years in Britain had greater species richness when on
publicly- and trust-owned lands than when they were
located on private- and estate-owned lands.
Spies et al. 1994 found that over the course of 16
years, initially-continuous conifer forests on public
lands had three times more area overall, with more
closed canopy and three times more interior forest,
than otherwise comparable, privately-owned lands. In
southern Ontario, studies have shown that the largest
intact patches of forest were publicly owned, under
the jurisdiction of Ontario Ministry of Natural
Resources Pearce 1993. Furthermore, privately-
owned lands surrounding nearby public lands were
more fragmented and had highly isolated woodlots
Pearce 1993. Similarly, in an analysis of 98 envi-
ronmentally signicant natural areas along the Nia-
gara Escarpment in southern Ontario, Lovett-Doust
and Kuntz 2001 found that NAs with the largest
area and greatest extent of forest-interior habitat were
under mixed private and public ownership. Private
and public NAs there did not differ in mean size, yet
after controlling for the area of the site, and for the
extent of interior habitat and the degree of landform
heterogeneity, biotic diversity remained signicantly
greater on public land than on private Lovett-Doust
and Kuntz 2001.
We recognize obvious limitations to our database
and study. For example, ownership was determined at
a single occasion, at the time of the NAs inventory,
and there was no record of ownership over time. It
seems likely that some of the best lands in southern
Ontario suitable for parks i.e., large and highly
biodiverse may have been purchased in the past for
public ownership. Parks are often selected because of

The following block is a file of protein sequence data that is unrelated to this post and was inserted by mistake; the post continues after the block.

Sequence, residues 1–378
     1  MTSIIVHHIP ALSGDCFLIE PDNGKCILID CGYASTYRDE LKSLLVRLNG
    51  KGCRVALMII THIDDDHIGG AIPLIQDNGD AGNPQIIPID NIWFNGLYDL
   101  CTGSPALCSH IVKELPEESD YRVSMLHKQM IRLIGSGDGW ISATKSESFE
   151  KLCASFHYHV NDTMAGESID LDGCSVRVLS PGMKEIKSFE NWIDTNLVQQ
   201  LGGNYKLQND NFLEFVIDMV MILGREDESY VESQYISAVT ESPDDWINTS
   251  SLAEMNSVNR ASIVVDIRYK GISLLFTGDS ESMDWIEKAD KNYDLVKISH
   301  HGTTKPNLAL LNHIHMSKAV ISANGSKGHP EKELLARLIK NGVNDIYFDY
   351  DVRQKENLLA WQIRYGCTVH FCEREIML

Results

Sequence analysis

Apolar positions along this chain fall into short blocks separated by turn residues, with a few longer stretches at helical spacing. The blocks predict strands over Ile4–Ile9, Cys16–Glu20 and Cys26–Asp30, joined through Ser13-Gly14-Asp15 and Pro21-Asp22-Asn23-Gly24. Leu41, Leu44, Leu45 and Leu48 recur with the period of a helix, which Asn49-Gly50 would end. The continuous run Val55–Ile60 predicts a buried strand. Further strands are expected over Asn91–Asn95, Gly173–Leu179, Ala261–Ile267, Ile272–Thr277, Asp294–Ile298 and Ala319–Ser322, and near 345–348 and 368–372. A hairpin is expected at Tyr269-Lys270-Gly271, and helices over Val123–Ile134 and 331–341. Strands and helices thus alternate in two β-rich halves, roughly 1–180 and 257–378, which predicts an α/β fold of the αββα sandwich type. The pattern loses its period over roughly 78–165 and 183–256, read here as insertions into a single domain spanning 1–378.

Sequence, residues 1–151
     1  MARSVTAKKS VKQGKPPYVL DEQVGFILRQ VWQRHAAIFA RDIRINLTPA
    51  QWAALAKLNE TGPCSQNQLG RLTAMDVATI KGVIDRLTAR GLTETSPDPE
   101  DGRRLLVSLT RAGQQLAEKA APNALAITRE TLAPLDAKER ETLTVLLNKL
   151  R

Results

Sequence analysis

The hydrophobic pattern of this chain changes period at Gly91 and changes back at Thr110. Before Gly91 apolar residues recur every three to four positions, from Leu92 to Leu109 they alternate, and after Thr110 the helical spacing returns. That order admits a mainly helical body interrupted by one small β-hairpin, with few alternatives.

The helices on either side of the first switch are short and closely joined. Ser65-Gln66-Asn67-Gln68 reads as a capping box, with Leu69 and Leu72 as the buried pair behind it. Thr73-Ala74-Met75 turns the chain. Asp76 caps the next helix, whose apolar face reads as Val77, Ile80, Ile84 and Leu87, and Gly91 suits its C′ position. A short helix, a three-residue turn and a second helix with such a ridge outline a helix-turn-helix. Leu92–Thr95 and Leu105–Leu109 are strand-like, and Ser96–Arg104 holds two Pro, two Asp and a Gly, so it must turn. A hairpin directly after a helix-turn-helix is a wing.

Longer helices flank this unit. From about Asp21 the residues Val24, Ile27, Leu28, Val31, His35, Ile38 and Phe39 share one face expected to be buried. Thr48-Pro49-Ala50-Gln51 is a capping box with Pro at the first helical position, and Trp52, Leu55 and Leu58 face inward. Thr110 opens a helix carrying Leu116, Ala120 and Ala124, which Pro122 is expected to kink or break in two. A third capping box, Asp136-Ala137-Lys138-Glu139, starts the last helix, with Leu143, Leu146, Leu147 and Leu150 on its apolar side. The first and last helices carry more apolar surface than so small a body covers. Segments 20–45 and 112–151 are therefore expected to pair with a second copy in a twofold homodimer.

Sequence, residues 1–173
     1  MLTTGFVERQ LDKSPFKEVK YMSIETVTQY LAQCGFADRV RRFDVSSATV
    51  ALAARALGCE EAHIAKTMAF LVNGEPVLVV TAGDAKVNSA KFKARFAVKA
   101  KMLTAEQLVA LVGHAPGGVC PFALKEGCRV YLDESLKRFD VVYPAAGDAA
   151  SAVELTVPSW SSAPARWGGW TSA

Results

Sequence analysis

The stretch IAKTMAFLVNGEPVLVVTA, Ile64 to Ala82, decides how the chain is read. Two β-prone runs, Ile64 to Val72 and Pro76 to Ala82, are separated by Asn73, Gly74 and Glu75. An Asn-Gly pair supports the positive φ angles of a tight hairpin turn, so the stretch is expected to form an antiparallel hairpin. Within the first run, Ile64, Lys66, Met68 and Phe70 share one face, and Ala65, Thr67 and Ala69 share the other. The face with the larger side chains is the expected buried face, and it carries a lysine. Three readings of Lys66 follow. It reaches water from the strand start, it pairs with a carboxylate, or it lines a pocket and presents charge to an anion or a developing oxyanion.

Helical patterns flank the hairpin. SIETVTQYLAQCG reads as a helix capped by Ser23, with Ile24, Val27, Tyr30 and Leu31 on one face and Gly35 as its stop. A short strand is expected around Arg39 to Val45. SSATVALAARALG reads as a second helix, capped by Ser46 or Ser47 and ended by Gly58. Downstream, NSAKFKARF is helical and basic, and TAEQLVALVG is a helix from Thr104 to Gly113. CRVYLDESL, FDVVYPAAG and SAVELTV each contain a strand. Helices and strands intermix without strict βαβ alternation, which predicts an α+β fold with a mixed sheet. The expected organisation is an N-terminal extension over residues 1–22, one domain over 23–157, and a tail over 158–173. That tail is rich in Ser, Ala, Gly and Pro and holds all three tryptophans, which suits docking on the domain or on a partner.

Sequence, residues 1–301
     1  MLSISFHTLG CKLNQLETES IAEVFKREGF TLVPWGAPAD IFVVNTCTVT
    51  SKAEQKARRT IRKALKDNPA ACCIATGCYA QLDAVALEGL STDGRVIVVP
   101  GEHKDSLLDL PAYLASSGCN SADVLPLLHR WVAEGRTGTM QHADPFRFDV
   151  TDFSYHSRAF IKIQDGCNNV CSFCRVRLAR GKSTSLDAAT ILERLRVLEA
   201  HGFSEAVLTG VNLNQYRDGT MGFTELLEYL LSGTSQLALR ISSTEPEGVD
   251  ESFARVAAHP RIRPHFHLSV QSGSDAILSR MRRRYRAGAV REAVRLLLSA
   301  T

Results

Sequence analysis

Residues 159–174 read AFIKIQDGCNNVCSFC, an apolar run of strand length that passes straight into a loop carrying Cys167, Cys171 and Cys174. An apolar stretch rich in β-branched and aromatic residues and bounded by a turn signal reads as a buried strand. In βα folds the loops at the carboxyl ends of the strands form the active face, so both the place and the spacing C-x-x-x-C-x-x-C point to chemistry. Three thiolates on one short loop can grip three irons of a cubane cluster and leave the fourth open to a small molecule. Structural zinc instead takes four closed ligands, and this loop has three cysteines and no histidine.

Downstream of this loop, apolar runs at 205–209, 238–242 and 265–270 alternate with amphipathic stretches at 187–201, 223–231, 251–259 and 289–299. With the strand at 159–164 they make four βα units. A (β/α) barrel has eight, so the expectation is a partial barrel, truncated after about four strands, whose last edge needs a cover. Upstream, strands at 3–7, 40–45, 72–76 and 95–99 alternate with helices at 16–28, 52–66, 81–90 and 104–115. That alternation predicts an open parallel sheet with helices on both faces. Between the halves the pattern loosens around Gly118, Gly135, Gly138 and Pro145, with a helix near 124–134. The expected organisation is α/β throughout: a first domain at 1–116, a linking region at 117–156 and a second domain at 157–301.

their excellent representation of regional features, and
rare-species richness. Other NAs may have been
publicly acquired more recently, or may have been
transferred as donations from private or mixed own-
ership. Furthermore, simple presence of rare species
at a location says nothing about the population via-
bility or quality of the NA for rare species. Perhaps
most importantly, we have no information about the
management practices applied at NAs over time. Fi-
nally we note that, historically, land privatization did
not occur randomly, with respect to habitat types.
Stressful environments have tended to be the last that
were privatized, while fertile lands were rst. Gobin
et al. 2001 studied patterns of spread of land own-
ership in Nigeria, and observed that lands around
settlements and markets were most desired, followed
by land around roads and waterways, and this general
pattern spread as the human population grew and new
settlements and markets appeared. Lands far from
markets, roads, waterways, with unsuitable landforms
were least desired and remained under communal
ownership Gobin et al. 2001. Preferences of
particular lands for private ownership have been
noted elsewhere in North America, with more
publicly-owned lands occurring at higher elevation
and on soils less suitable for agricultural production
Spies et al. 1994; Craig et al. 2000; Wright et al.
2001. These lands were less desired for private own-
ership because of lower suitability for agriculture and
forestry, and difficulties with access Spies et al.
1994; Craig et al. 2000; Wright et al. 2001. Yet it
should be noted that low-fertility soils neednt neces-
sarily mean low biodiversity. Among the most biodi-
verse sites in the western United States are serpentine
outcrops in California with a tremendous number of
rare species, specically because of their low fertility
Ricketts et al. 1999. Similar observations have been
reported for New Zealand Craig et al. 2000 where,
despite the fact that 30% of all land is in reserves,
most conservation land occurs in areas that are not